On this page (deeplearning4j.org) it says:
A good standard deviation for the activations is on the order of 0.5 to 2.0. Significantly outside of this range may indicate one of the problems mentioned above.
How can I find the std of my activations using PyTorch?
I can find the gradients like this, and they look a bit small so I want to investigate this further, or do they really look small?
for i in model.named_parameters():
print("Layer name: ", str(i))
print("Grad Max Value: ", np.amax(i.grad.numpy()))
print("Grad Min Value: ", np.amin(i.grad.numpy()))
Grad Max Value: 0.002665516
Grad Min Value: -0.0016368543
Grad Max Value: 0.0009877739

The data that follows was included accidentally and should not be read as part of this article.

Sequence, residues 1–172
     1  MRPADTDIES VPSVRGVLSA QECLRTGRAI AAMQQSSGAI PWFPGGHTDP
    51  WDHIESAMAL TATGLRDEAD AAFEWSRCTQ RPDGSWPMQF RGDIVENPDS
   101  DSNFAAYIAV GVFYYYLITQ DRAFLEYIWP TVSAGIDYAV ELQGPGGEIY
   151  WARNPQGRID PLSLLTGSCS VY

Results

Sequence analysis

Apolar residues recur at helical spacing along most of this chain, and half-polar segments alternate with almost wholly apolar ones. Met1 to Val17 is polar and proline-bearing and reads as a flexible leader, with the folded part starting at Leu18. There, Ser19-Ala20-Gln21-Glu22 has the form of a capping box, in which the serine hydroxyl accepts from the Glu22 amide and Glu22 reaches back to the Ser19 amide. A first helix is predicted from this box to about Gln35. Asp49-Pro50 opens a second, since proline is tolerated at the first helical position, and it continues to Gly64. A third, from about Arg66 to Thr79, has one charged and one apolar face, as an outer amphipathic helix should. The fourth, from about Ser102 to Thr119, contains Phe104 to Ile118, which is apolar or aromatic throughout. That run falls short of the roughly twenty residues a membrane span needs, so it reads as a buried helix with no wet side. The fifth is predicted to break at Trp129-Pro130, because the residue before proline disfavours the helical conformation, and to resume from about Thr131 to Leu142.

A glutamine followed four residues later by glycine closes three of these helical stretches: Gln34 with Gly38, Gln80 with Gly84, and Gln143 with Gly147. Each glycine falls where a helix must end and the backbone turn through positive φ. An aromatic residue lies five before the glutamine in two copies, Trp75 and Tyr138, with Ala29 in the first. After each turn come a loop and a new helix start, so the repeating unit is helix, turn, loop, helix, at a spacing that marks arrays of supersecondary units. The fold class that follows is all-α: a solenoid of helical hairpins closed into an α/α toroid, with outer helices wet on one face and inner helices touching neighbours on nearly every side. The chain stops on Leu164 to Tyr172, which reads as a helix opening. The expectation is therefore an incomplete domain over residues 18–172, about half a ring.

Grad Min Value: -0.0004688645
Grad Max Value: 1.4279677e-06
Grad Min Value: -0.0024869342
You could use forward hooks to print the std deviation of the layer outputs:
self.conv1 = nn.Conv2d(3, 6, 3, 1, 1)
self.pool1 = nn.MaxPool2d(2)
self.conv2 = nn.Conv2d(6, 1, 3, 1, 1)
self.pool2 = nn.MaxPool2d(2)
self.fc = nn.Linear(6*6, 10)
def forward(self, x):
x = F.relu(self.conv1(x))
x = self.pool1(x)
x = F.relu(self.conv2(x))
x = self.pool2(x)
x = x.view(x.size(0), -1)
x = self.fc(x)
model = MyModel()
model.conv1.register_forward_hook(lambda m, x, out: print(out.std()))
model.conv2.register_forward_hook(lambda m, x, out: print(out.std()))
model.fc.register_forward_hook(lambda m, x, out: print(out.std()))
x = torch.randn(1, 3, 24, 24)
output = model(x)
Cool, thanks! Just what I was looking for.
Any comments on my gradients? Or is this a case-to-case thing where there are no right or wrong gradients?
I’m glad it’s working.
Stanford’s CS231n states that the ratio of weights:updates should be roughly
I’m not sure, it that’s still a valid assumption today, especially with some tricks and hacks to accelerate the training.